Brighton: a history of fascism?
Brighton has traditionally been seen as a ‘liberal’ city: a place of diversity with little discrimination or prejudice. In fact, Brightonians usually seem to be quashing fascism rather than promoting it. But at the end of last year a list of BNP members was leaked onto the Internet, giving not only the names but addresses and telephone numbers of its members. The website fishmech.net/bnp allows its users to type in their postcode and, like a search engine, it will come up with a list of members closest to you. I could not resist trying this for myself expecting to find the nearest member in Hastings, but to my surprise there were at least eight BNP members within a mile radius of my house.
This raises the question: just how liberal is our city? Yes, it is supposedly the gay capital of Britain, but does that mean that all inhabitants are accepting of all sexualities, races, religions? It has been rumoured that Oswald Mosley’s (the founder of the British Union of Fascists) last march was on Brighton’s very own “The Level”.
‘To my surprise, there were at least eight BNP members within a mile radius of my house.’
Unfortunately, as much as I tried I could not find this out for certain, it appears to be a thing of legend that goes in the guide books. Apart from that small, and possible mistruth, the BNP has never had a strong grounding in Brighton. That was until 12 December 2008 (ironically, Human Rights Day) when the BNP tried to ‘re-launch’ the party in the area by holding a meeting in Hove. The meeting led to almost 200 citizens of Brighton and Hove and students coming out in force in protest of the group’s legitimacy. The protest consisted of a mixture of the student body including USSU sabbaticals, Brighton MPs from the Labour and Liberal Democrats and Green Party, United Against Fascism, and the National organiser of “Love Music, Racism”, Lee Billingham.
Lee Billingham discussed why he thought it was so important for people in Brighton and Sussex to stand against the BNP, “I think that the BNP are trying to get respectability for themselves and their ideas…they’re about race, hate, about homophobia and about destroying democracy so I think the majority of people have an interest in stopping them from growing by any means necessary”. One of the favourite chants of the evening was “The BNP is a Nazi Party, smash the BNP!” and there were many signs and placards displaying similar messages. I asked Lee if he thought this was an extreme view to take, “I think it really hurts them, because they’re trying to fool people into voting for them as a protest vote. I think a lot of people are tempted by their ideas and maybe agree with them about immigration or some of these things, but if they understand that they’re a fascist party, that is hell bent on discriminating and on propagating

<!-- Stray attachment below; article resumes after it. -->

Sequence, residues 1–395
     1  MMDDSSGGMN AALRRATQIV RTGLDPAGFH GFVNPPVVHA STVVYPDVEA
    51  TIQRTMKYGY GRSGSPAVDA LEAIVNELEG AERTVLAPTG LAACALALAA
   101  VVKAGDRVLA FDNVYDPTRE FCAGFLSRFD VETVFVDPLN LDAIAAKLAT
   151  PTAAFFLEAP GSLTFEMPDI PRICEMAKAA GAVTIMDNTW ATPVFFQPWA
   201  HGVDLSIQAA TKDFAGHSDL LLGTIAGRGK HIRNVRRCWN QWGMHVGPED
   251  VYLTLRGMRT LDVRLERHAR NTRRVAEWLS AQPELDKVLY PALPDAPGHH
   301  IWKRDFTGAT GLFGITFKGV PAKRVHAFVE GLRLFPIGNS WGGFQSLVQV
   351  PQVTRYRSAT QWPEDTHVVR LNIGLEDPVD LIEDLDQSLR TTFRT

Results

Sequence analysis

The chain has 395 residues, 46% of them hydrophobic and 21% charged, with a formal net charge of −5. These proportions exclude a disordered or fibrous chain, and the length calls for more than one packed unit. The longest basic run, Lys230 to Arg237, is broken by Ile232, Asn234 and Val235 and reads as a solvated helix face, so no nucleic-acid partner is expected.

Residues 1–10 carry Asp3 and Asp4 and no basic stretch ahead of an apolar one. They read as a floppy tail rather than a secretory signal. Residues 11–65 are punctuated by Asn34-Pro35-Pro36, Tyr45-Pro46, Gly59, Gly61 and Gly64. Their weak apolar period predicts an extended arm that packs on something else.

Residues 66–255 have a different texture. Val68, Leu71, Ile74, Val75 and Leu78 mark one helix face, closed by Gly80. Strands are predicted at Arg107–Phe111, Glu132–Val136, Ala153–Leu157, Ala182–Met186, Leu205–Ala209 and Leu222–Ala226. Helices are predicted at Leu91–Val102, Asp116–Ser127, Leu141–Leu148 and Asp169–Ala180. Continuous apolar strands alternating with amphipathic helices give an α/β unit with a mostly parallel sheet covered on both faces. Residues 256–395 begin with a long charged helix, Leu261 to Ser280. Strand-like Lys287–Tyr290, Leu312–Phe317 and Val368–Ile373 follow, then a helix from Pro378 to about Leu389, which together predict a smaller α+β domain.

violence against minorities, they won’t vote for them… I think there are lots of ways you can oppose them but exposing them for what they are is the key thing.”
‘Although there were plenty of people at the protest, one could not help noticing that it was a white majority. One protester suggested that “it might be a fear of being identified by the BNP and targeted.”’
Although there were plenty of people at the protest, one could not help noticing that it was a white majority. It seems I wasn’t the only one who noticed, because Nicky Heywood, a resident of Brighton and Hove, approached me to comment that “It struck me how few black people there are here. I can’t say for sure but it might be a fear of being identified by the BNP and targeted.”